Hearing Aid Styles

Many choices of hearing aid styles are available, including the following: completely- in-the-canal, in-the-canal, in-the-ear, behind-the-ear, receiver-in-canal or receiver- in-the-ear, and open fit. Your audiologist will help you decide which style is right for you based on your specific needs and preferences.

Completely-in-the-canal (CIC) or mini CIC

A completely-in-the-canal hearing aid is molded to fit deep inside your ear canal. It improves mild to moderate hearing loss in adults.

A completely-in-the-canal hearing aid:

in canal ha
  • Is the smallest and least visible type of hearing aid
  • Is less likely to pick up wind noise
  • Uses very small batteries, which have a shorter life and can be difficult to handle
  • Doesn't contain extra features, such as volume control or a directional microphone
  • Is more difficult to manage for people with dexterity issues
  • Is susceptible to earwax clogging


An in-the-canal (ITC) hearing aid is custom molded and fits partly in the ear canal. This style can improve mild to moderate hearing loss in adults.

in ear haAn in-the-canal hearing aid:
  • Is less visible in the ear than larger styles
  • Includes features that won't fit on completely-in-the-canal aids, but may be difficult to adjust due to its small size
  • Is susceptible to earwax clogging


An in-the-ear (ITE) hearing aid is custom made in two styles -- one that fills most of the bowl-shaped area of your outer ear (full shell) and one that fills only the lower part (half shell). Both are helpful for people with mild to severe hearing loss.

full shell haAn in-the-ear hearing aid:
  • Includes features such as volume control and directional microphones that are easier to adjust
  • Is generally easier to insert
  • Uses larger batteries, which are easier to handle and last longer
  • Is susceptible to earwax clogging
  • May pick up more wind noise than smaller devices
  • Is more visible in the ear than smaller devices


A behind-the-ear (BTE) hearing aid hooks over the top of your ear and rests behind the ear. A tube connects the hearing aid to a custom earpiece called an earmold, which fits in your ear canal. This type of hearing aid is appropriate for people of all ages and those with almost any type of hearing loss.

behind ear ha

A behind-the-ear hearing aid:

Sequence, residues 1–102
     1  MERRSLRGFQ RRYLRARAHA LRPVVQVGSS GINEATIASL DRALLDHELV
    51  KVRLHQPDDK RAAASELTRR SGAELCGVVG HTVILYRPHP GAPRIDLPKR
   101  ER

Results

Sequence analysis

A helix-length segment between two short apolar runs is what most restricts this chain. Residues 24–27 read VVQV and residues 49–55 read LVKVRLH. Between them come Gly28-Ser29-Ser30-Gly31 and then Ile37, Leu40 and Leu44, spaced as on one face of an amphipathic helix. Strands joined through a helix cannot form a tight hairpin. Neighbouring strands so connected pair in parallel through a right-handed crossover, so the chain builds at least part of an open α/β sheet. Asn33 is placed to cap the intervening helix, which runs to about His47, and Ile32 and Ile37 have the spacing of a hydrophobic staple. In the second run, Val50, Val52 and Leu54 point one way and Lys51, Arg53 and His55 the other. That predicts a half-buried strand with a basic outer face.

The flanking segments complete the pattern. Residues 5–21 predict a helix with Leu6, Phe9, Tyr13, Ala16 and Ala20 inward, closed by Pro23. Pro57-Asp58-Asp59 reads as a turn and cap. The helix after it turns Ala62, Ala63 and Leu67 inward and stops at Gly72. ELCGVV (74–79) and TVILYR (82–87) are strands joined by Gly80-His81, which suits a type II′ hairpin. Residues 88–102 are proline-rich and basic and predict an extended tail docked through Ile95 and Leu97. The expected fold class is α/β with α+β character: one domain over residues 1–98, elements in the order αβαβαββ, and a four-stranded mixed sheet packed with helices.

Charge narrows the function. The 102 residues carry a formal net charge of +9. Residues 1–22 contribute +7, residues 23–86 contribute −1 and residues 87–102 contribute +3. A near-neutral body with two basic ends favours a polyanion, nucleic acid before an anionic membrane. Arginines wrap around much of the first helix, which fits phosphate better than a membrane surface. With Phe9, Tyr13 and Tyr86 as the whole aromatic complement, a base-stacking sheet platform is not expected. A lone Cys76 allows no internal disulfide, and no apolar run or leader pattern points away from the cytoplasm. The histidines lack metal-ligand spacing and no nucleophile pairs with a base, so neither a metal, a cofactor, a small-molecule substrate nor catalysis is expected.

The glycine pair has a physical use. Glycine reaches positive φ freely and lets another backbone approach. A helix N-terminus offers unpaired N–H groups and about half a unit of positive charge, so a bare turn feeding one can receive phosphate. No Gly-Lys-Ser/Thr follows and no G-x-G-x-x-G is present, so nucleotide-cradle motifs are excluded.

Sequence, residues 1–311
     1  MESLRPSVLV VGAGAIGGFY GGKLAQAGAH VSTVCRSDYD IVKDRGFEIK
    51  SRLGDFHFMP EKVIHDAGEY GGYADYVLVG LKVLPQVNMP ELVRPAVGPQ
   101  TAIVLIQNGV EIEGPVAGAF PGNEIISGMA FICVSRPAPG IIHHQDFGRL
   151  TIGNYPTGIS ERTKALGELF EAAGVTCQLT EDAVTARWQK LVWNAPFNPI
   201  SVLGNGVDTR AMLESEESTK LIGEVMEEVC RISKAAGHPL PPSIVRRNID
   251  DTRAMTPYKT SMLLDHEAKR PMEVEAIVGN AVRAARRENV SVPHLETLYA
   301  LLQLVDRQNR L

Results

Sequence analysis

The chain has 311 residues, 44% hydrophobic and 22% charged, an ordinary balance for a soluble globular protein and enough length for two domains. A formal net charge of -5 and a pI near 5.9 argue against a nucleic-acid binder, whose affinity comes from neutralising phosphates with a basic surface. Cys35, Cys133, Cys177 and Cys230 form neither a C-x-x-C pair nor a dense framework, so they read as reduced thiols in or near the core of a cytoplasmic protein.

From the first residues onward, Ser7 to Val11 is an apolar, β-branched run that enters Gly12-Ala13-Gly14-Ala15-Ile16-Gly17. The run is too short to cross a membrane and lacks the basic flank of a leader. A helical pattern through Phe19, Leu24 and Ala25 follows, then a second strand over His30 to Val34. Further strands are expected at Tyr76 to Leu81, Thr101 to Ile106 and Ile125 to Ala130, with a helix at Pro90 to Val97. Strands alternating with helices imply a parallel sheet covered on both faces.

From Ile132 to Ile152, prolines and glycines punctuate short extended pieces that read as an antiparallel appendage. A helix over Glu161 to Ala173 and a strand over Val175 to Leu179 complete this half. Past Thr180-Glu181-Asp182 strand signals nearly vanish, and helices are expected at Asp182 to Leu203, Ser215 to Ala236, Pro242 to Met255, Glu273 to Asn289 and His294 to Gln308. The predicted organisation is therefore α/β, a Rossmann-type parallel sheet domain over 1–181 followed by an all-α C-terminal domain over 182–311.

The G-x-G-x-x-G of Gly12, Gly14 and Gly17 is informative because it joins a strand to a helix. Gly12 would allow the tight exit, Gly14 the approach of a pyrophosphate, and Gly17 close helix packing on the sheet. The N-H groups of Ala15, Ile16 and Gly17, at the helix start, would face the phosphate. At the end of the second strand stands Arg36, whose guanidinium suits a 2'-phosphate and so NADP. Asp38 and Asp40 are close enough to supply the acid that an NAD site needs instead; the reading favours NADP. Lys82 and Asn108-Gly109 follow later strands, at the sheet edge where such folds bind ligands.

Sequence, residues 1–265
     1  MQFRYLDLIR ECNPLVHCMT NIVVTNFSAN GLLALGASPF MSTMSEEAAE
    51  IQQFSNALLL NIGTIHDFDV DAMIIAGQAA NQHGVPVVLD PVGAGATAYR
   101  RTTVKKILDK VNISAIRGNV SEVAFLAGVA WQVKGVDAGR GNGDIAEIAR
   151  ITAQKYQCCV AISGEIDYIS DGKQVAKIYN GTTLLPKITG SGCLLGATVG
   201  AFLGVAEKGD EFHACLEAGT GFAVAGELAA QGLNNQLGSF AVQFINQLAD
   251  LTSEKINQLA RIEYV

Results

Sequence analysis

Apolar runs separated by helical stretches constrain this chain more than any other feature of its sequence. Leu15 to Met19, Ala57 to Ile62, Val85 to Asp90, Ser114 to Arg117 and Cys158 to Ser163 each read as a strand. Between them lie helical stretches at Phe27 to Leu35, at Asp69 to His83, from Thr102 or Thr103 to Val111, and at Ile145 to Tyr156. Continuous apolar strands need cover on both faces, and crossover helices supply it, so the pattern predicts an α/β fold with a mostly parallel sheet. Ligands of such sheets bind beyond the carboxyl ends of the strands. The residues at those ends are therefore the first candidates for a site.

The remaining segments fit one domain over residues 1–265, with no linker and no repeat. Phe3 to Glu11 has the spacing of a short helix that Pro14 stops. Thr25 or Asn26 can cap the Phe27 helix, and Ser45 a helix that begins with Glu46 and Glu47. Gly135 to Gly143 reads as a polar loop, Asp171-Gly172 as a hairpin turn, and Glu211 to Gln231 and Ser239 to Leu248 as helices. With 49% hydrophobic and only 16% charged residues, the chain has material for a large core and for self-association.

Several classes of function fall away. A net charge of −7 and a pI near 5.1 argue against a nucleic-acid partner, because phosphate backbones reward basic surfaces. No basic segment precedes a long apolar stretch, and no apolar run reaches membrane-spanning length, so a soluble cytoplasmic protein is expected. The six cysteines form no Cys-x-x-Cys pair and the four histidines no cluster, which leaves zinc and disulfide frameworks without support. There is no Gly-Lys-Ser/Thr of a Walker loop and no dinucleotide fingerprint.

• Traditionally has been the largest type of hearing aid, though some newer mini designs are streamlined and barely visible
  • Is capable of more amplification than other styles
  • May pick up more wind noise than other styles
  • Is more difficult to insert

Receiver-in-canal or receiver-in-the-ear/ Open fit

behind ear ha 2

An open-fit hearing aid is a variation of the behind-the-ear hearing aid. This can be in the form of a receiver-in-the-canal (also known as a receiver-in-the-ear) or a slim tube style. These styles keep the ear canal very open, allowing low-frequency sounds to enter the ear naturally and high-frequency sounds to be amplified through the hearing aid. This makes the style a good choice for people with mild to profound hearing loss. The open-fit behind-the-ear style has become very popular.

The receiver-in-canal (RIC) and receiver-in-the-ear (RITE) styles are similar to a behind-the-ear hearing aid with the speaker or receiver in the canal or in the ear. A tiny wire, rather than tubing, connects the pieces.

The slim tube style of hearing aid is similar to a behind-the- ear hearing aid, with a smaller, less noticeable tube and often a non-custom tip, keeping the hearing aid in the ear.

slim tube ha

The open-fit hearing aid:

  • Has a less visible behind-the-ear portion
  • Is susceptible to earwax clogging
  • Doesn't plug the ear like other styles, which makes your own speech sound better to you
  • Is difficult to handle due to small parts and batteries
  • Often lacks manual adjustments due to its small size

Photos courtesy of Oticon Canada Ltd.

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Henry Ford Health System is committed to ensuring our Deaf or hard-of-hearing patients and visitors have equal access to all services. We provide the appropriate auxiliary aids and services, including qualified sign language interpreters, TTYs and other assistive listening devices, at no cost. To request assistance, call 313-916-1896 or email CommunicationAccess@hfhs.org.

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